Apple clearly recognizes the importance of the mobile web, but did they get trigger happy and launch the iPad too soon? The launch of the new Apple device has lit up the internet with all sorts of criticisms, praises, questions and opinions. A question remains for those of us in the search marketing and social media world—how will these tablets incorporate the use of social media?
The Apple iPad and other tablets like the HP Slate and the Amazon Kindle are finally providing affordable mobile connectivity to the internet for those who may have not seen a need for an internet-capable phone. With a bigger screen, touchscreen QWERTY keyboard (and the ability to attach a full-size apple keyboard) and iLife capability, tablet devices are making it easy for older consumers and businessmen and women to justify purchasing an iPad instead of an iPhone, Blackberry, or Palm Pre. While the price point is above some netbook computers (especially the Acer brand), the iPad exemplifies the pent-up demand to meet a simple need: constant online connection.
The iPad is just another mechanism for people to communicate from anywhere—the airport, coffee shops, long car rides—wherever. Because it already supports iPhone applications like Facebook Mobile and TweetDeck, it will be easy for social media users to integrate the iPad into their everyday online social media activities. However, even though this is a mobile device, it may not be as logical to bring an iPad out of a bag or purse while in a business where texting and using a cell phone is more acceptable, like while standing in line in the grocery store or waiting at a stop light while in traffic. However, the iPad’s size may be just right for those looking for a mobile device that can allow them to do (and see) more on a bigger screen and with an attached keyboard.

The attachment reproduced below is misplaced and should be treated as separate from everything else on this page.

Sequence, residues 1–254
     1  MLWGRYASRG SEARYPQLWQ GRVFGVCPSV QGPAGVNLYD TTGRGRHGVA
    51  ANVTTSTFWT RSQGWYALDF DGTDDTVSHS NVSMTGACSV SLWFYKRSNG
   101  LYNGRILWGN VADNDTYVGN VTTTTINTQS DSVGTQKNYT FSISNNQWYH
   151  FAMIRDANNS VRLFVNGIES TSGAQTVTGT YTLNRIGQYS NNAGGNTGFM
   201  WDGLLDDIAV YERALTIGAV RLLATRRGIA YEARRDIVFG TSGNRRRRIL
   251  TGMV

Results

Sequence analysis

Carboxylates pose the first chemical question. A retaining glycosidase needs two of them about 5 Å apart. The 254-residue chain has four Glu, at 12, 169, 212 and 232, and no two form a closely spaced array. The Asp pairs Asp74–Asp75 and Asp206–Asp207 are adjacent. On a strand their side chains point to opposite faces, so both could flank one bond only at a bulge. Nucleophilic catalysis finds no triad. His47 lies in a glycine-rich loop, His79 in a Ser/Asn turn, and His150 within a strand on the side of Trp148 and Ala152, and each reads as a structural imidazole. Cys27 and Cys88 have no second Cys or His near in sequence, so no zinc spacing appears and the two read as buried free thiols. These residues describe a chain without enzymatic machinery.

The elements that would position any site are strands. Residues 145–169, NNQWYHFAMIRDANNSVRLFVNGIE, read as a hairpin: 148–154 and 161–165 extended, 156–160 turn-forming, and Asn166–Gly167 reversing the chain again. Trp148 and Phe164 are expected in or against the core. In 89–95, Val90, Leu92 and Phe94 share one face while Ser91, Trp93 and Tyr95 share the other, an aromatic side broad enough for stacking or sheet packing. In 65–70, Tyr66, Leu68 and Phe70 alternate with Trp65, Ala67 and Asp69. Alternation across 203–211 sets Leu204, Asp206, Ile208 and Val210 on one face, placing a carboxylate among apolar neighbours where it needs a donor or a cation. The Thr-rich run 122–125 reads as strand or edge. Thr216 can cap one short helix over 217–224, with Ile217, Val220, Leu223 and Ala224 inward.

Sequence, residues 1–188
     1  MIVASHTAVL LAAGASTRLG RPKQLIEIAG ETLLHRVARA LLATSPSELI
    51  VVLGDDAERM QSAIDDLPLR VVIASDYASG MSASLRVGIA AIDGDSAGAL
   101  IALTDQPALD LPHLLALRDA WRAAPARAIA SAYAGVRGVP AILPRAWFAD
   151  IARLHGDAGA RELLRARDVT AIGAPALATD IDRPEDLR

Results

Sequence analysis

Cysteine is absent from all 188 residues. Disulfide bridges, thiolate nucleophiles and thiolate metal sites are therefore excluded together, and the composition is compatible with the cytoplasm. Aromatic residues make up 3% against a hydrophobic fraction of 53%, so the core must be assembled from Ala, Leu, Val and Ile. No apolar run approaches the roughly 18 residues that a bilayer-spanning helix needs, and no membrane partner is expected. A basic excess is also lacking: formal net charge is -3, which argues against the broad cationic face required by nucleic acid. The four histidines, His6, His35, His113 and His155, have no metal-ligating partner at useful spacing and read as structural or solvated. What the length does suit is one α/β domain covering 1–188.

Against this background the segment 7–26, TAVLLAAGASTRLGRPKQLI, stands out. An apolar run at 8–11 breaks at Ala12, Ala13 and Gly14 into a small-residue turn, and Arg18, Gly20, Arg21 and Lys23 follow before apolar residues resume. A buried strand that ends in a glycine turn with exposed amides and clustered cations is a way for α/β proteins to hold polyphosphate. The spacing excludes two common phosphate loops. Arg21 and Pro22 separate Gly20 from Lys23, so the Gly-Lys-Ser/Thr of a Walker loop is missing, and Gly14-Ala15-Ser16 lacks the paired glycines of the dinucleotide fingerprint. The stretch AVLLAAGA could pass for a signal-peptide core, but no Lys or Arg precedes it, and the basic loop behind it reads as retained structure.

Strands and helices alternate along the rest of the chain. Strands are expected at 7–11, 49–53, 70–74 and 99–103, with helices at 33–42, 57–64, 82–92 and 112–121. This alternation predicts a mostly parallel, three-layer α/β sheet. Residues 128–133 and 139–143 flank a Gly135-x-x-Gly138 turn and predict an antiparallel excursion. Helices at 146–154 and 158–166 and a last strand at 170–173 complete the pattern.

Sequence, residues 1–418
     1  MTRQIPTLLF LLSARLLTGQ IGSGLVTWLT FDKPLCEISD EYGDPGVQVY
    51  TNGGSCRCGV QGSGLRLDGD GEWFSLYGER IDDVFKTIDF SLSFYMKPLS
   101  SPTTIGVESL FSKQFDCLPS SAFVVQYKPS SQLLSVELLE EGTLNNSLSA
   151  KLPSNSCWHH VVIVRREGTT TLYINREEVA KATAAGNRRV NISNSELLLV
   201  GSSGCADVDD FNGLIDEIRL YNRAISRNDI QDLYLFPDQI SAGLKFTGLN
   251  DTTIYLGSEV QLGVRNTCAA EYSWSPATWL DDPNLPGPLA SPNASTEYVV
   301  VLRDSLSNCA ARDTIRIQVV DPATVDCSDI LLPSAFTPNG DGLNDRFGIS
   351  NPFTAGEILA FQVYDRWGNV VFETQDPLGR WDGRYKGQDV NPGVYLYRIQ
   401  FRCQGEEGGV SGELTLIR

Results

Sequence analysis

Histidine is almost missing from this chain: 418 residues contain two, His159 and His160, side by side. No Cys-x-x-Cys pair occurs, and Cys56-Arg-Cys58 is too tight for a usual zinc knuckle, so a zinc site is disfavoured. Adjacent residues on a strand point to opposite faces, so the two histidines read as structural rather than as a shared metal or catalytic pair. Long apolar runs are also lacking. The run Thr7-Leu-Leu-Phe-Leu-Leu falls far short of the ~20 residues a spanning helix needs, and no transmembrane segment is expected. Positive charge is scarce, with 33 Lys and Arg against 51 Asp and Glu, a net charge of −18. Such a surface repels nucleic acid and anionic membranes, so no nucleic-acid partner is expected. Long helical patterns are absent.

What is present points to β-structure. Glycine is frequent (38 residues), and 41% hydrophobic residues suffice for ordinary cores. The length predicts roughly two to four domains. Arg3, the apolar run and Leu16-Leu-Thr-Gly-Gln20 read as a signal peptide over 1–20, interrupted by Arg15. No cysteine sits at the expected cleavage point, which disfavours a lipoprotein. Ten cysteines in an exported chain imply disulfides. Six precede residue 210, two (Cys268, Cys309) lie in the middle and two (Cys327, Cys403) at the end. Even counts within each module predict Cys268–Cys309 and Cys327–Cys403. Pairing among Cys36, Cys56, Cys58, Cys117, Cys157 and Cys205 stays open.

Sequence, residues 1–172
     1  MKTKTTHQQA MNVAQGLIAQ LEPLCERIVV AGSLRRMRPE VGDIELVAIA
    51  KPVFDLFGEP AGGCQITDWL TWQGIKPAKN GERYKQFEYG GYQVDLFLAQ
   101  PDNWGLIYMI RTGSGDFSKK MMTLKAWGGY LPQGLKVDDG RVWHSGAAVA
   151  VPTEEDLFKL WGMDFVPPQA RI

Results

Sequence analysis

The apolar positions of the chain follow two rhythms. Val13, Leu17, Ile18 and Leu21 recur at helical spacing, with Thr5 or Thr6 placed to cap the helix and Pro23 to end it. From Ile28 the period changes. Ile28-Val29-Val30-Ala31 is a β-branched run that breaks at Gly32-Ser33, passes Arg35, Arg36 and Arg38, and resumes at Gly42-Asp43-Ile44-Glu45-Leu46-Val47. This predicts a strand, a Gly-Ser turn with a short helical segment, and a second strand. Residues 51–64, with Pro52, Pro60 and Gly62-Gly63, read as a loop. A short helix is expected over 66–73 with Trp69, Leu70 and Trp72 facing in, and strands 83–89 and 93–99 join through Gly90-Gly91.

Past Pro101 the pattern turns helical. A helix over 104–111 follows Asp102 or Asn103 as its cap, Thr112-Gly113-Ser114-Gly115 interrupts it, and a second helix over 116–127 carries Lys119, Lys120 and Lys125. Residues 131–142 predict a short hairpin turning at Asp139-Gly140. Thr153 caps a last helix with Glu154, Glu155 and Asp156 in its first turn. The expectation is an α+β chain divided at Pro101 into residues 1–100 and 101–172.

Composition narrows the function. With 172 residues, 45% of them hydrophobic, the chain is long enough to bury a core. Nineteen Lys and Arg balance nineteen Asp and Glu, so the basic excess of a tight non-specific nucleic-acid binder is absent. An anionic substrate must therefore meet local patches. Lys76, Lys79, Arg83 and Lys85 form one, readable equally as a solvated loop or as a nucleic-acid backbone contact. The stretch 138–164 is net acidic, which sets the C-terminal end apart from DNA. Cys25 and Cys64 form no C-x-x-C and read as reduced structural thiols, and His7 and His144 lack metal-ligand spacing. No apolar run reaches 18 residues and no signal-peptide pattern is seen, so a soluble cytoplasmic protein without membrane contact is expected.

Social media greatly hyped up the announcement of the iPad, and it could certainly help it become successful once it launches in the Spring of 2010. Tweets, posts on Facebook, and emails may have the tag “sent from my iPad” furthering the conversation between iPad owners and their online contacts. Furthermore, making the option to share documents, images and text from iLife to contacts on LinkedIn, Facebook, and other social media sites may help the iPad bridge the gap between desktop publishing and online communication. There are many opportunities to harness the power of mobile web and reach out to the users who are now using it for hours a day.
How to prepare for the coming wave of tablets
Tablets are going to be the next big thing, but they will not replace computers, netbooks, or cell phones (including smart phones). That said, social media activity on the iPad will be different than that on a cell phone, as mentioned above. Social media on the iPad and other tablets will be mainly about sharing information and files—things like e-books, links, documents, etc., instead of details about our lives—status updates about what you’re eating, tweets about what the dog is doing and other chatter that clutters up the social media space. Social media use on the iPad will most likely be more professional—happening when users are sitting down and have time to concentrate. In addition, the iPad will most likely initially be purchased by adults and working professionals because of its bigger screen and simplistic navigation, making it more popular with the crowd that uses social media services like LinkedIn and Facebook to network instead of share information about their personal lives with friends.
Opinions expressed in the article are those of the guest author and not necessarily Search Engine Land.